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November 22, 2020

Author Ta-Nehisi Coates Talks Election, COVID–19, and Past Works at SSA

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Brooke Nagler / The Chicago Maroon

On November 12, renowned author Ta-Nehisi Coates spoke at the UChicago School of Social Service Administration’s (SSA) Cafferty Lecture Series to discuss the 2020 election, racial justice, and his latest novel The Water Dancer alongside SSA Assistant Professor Eve L. Ewing. 

Coates is currently a distinguished writer in residence at the NYU Arthur L. Carter Journalism Institute. He is the author of the books The Beautiful Struggle: A Father, Two Sons and an Unlikely Road to Manhood, We Were Eight Years in Power, and Between the World and Me, which won the 2015 National Book Award for Nonfiction. His writings on racial justice, like his 2014 essay The Case for Reparations made him a household name throughout the United States. The Water Dancer, released in September 2019, is his first novel. 

Racialized gender issues in America have affected Coates deeply and comprise the subject of much of his writing. Coates touched on these subjects during his lecture. 

“America projects certain ideas of what a man should be, and what the proper relationship should be between men and women. Part of racism has been to have that definition and cut black men out of it,” he said. For a long time, Coates struggled to fit into this definition, leading him to question “whether the system is even worth existing.” 

“It took a while to get from the space of ‘I should be in that chair’ to ‘why should we have chairs?’” he said.

Despite his own experience with these issues, he found it difficult to write from the perspective of a woman of color. He described the editing process for one of the characters in The Water Dancer, a black woman named Sophia. “I had two non-males of color [go] through this book, and [they] went through with very specific notes,” he said. “Left to my own devices, I couldn’t do it.”

Coates also discussed how President Trump lowered the bar for other candidates in the 2020 presidential election. “Biden is a competent white man. It would be good to have somebody competent,” he said. “It's weird to have the bar set that low. But his election, for a lot of black folks, was an act of harm prevention,” he added. “[Politically,] I’m on the defensive.”

“We don’t even get to the more visionary, expansive ideas, what I would call freedom,” he said. “This [election] has been so bad, it shrinks your political imagination.”

On the COVID–19 crisis, Coates painted a bleak picture. He described interviewing a woman in Elmhurst, a Queens neighborhood hard hit by the virus. “She said ‘my best friend just dropped dead. We don’t even know what happened,’” he said. “When I look at these COVID numbers, I kind of just want that to stop.”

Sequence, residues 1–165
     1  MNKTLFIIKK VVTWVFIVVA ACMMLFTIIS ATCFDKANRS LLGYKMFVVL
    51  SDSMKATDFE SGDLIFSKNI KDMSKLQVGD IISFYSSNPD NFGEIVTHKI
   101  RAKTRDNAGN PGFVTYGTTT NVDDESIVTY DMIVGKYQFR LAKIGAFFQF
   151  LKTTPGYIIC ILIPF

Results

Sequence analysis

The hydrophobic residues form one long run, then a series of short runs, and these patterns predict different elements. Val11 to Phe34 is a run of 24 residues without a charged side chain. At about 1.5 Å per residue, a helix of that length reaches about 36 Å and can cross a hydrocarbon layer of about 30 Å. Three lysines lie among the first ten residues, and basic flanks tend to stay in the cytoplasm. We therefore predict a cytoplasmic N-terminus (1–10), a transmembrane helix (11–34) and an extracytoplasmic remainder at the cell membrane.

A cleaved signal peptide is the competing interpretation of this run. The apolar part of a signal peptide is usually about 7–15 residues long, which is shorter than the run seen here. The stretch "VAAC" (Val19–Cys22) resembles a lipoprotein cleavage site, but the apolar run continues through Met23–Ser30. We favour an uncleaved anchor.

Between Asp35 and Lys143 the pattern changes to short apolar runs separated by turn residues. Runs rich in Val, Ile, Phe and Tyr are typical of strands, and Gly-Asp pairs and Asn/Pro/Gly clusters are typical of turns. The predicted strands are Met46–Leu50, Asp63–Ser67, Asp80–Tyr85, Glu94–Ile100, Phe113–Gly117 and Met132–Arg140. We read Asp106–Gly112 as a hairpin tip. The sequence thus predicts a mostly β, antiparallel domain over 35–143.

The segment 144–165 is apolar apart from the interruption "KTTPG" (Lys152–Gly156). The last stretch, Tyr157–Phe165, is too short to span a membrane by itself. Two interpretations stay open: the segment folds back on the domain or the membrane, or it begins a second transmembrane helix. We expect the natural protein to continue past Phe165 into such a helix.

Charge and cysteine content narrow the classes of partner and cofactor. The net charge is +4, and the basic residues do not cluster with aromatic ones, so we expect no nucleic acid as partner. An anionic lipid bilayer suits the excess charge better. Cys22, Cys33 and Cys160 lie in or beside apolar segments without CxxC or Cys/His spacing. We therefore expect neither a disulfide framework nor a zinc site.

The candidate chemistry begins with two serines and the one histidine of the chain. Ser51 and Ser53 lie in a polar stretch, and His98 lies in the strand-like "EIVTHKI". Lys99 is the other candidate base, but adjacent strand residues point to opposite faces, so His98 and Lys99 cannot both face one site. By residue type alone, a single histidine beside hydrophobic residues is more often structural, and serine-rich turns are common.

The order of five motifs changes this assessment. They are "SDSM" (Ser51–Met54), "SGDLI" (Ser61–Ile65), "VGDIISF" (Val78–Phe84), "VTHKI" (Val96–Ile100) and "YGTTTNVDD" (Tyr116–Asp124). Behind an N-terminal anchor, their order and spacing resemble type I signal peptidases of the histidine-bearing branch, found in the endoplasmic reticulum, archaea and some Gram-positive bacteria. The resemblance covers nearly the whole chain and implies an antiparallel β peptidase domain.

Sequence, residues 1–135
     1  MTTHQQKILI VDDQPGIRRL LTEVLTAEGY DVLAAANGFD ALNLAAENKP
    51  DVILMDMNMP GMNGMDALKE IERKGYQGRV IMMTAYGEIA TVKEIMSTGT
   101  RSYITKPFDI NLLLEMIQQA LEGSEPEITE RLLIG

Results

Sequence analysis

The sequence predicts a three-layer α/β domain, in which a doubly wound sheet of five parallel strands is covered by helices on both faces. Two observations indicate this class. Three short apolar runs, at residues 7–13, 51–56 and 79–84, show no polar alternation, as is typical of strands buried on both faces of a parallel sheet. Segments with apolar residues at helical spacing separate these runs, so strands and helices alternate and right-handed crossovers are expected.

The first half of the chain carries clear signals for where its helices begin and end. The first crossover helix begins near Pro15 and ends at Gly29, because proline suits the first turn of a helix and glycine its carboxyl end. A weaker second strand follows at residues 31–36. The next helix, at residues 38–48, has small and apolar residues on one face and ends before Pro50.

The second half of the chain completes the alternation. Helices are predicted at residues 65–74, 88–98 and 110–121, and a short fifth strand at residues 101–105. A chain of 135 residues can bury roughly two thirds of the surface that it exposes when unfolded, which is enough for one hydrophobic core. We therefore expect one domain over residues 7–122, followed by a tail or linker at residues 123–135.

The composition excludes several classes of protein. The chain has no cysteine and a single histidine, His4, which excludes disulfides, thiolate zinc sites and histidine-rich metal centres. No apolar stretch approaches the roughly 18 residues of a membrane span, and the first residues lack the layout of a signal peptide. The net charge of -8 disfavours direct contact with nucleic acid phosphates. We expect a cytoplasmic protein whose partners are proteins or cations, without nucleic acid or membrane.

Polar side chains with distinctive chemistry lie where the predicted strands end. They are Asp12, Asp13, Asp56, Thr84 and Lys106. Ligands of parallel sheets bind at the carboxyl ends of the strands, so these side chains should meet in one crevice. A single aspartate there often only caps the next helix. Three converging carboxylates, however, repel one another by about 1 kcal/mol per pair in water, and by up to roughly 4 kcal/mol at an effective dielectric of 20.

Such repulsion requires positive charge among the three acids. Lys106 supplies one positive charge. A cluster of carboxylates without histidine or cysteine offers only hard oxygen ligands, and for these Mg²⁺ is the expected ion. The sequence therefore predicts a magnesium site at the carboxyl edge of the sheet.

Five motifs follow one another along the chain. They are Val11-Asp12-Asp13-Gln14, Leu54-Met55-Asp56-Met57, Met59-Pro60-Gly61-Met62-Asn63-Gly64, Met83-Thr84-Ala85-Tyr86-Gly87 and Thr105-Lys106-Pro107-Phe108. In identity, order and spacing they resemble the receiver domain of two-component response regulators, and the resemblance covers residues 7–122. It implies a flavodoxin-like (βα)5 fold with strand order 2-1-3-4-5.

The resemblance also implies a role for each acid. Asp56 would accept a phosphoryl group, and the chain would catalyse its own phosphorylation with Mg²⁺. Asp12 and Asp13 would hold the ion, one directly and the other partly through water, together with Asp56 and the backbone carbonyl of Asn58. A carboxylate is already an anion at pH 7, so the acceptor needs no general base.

“It's tough because, as writers, it's important to stay in that imaginative space, that space of freedom. But I don’t know that I’m there right now,” he said. “Right now, I’m thinking about survival.” 

Coates has been a vocal proponent of reparations for African American slavery, testifying before Congress in 2019 to support a federal commission to study reparations. To Coates, universities have an important role in these reparations. “Universities first and foremost need to be accountable to the communities that are around them,” he said. 

“You have a university like the University of Chicago which is sitting right in the middle of an African American neighborhood, and has a particular history with that community,” he said. “That should convey the responsibility to not make things worse, to not participate in harmful practices that, for instance, the Chicago Police Department is participating in.” 

“They need to make sure that the massive amount of wealth and riches [in the University] are available to the community around the university, and I’m talking about something more than scholarships,” he said.

The University of Chicago has had a tenuous relationship with the greater South Side. The University of Chicago Police Department (UCPD) has come under fire for discriminating against people of color, with limited accountability. 

“Why are communities in these neighborhoods not entitled to seats on the board of trustees, for example? Why is there not more of a cooperative ownership relationship?” he said. “I would imagine a more open relationship.”

Coates ended the discussion on a hopeful note. “I think young people on campuses across this country have a real opportunity. They don’t have to wait for Congress. They don’t have to deal with whether there’s a conservative majority on the Supreme Court, or if Joe Biden is going to do the right thing or not,” he said. “They are pressure points of power right now.”

“It always makes me feel good to see young people on the streets. I feel great about that. It makes me think, ‘This is why I do it, now I’m gonna go do my part,’” he said. “It is an era of hope for me.”

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